Isle of Wight, England
England’s largest island, the Isle of Wight, sits just a short sea crossing over the Solent from the southern mainland coast of the United Kingdom. It has been enjoyed as a holiday and short break destination since the 18th Century and became one of Europe’s most fashionable resort areas after Queen Victoria and her husband Prince Albert chose the Isle of Wight as their family’s home in the 1800s at Osborne House.
The Island, as it is known, is just approximately 23 miles long from the most easterly point near Bembridge to the famous landmark of the Needles stacks and lighthouse which sits on its western tip. The internationally renowned sailing town of Cowes sits at the northern point of the diamond-shaped island and the most southerly point is marked by another lighthouse 13 miles away at St Catherine’s, a familiar name for anyone who listens regularly to the BBC’s Shipping Forecast. The total area of the Isle of Wight is approximately 147 square miles and almost half has been designated as an Area of Outstanding Natural Beauty.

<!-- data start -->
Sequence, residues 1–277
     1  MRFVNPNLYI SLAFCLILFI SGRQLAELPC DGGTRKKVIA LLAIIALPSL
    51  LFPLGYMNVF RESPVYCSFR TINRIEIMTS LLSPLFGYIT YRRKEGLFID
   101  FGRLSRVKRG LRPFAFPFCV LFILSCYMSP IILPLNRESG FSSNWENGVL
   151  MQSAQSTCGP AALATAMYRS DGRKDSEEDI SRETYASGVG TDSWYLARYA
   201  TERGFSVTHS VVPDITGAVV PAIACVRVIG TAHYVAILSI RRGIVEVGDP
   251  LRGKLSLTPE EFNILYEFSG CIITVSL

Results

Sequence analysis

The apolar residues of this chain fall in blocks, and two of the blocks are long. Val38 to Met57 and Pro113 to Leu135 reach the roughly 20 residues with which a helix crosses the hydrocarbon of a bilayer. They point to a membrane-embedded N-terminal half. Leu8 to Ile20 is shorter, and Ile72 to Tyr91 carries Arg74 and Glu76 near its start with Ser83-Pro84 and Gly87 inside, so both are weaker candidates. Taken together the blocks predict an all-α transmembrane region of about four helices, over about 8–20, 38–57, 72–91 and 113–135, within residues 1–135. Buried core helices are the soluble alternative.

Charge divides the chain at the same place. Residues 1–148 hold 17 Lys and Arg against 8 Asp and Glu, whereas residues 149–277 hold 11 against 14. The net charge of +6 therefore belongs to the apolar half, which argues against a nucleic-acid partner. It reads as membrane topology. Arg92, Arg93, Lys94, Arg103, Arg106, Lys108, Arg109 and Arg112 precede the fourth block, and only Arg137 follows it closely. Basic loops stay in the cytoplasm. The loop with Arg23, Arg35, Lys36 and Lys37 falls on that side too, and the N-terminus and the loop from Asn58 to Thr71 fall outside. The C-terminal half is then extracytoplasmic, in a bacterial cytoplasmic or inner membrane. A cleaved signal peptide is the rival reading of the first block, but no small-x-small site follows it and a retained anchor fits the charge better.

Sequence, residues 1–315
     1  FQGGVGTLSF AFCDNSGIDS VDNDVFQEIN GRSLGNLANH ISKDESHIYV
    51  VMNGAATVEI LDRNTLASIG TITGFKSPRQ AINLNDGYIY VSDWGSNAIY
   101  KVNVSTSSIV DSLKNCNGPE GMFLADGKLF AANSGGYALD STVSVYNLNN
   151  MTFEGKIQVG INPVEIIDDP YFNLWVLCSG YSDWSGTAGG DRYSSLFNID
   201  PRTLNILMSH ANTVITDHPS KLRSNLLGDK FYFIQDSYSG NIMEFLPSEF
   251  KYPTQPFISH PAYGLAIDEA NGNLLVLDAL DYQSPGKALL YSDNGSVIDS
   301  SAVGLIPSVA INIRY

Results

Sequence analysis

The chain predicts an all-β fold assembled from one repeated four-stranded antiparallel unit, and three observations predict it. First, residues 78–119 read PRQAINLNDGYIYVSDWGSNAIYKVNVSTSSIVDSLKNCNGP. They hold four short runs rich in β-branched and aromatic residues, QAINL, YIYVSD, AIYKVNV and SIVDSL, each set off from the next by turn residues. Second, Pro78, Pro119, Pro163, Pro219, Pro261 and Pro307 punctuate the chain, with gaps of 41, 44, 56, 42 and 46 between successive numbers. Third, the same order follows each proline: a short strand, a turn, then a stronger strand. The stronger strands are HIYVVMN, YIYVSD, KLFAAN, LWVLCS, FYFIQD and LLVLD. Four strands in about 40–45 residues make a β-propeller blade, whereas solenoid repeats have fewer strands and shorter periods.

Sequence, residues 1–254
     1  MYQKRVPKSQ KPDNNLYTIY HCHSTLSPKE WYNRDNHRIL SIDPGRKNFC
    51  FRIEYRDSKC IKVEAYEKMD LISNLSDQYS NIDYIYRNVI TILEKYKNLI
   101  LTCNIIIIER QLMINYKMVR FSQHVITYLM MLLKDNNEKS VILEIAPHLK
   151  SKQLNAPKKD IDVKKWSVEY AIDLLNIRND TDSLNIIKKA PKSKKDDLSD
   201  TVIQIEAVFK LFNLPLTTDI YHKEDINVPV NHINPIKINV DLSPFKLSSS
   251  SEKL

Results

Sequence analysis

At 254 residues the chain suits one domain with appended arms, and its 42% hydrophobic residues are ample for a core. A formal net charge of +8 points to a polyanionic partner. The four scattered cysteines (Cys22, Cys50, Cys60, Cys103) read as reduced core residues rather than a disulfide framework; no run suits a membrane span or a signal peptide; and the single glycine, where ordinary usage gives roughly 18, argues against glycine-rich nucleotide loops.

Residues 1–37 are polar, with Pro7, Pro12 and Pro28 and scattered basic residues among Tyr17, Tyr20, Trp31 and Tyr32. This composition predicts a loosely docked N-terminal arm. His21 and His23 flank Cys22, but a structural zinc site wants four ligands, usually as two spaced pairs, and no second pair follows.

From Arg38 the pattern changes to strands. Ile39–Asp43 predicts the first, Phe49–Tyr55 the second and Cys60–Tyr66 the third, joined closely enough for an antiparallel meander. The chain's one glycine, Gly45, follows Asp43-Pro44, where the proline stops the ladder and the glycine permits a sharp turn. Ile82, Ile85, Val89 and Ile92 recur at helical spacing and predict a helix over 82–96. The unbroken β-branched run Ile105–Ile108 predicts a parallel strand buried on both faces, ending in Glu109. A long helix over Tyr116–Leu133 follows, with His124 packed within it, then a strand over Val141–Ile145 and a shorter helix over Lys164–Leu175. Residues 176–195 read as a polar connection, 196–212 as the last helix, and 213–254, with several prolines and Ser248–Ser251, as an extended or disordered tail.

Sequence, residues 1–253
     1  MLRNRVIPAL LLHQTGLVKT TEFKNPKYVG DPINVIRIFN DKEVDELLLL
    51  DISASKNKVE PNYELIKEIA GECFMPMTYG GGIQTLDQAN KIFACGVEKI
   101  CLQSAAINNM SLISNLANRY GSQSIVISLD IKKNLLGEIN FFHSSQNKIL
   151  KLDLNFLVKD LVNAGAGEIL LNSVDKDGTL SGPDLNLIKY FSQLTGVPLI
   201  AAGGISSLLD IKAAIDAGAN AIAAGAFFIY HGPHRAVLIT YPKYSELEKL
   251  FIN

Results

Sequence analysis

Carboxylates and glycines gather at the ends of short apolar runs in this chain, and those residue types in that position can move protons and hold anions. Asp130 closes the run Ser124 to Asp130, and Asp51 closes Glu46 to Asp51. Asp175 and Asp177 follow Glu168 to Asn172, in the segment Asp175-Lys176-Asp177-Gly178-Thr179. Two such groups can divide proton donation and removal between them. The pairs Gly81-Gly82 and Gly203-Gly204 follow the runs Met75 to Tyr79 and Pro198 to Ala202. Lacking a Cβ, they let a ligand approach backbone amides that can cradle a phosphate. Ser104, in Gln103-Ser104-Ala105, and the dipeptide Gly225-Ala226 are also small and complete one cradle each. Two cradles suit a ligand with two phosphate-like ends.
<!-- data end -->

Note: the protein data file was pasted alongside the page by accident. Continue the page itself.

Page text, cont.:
The Isle of Wight is shaped like a diamond and so 57 miles of coastline is available to explore whilst you are never more than a few miles from the sea wherever you are on the Island. Each coast is very different in character and range from river estuaries to soaring cliffs, with secluded coves perfect for rock-pooling and beautiful beaches for swimming and sunbathing in the summer months.
Despite being an island, it’s true to say that “no island comes this close” as it could not be easier to travel to the Island from the ports of Southampton, Portsmouth and Lymington in the new Forest. There are regular services every day to the Isle of Wight which range from the HoverTravel hovercraft service to large vehicle ferries operated by Wightlink and Red Funnel.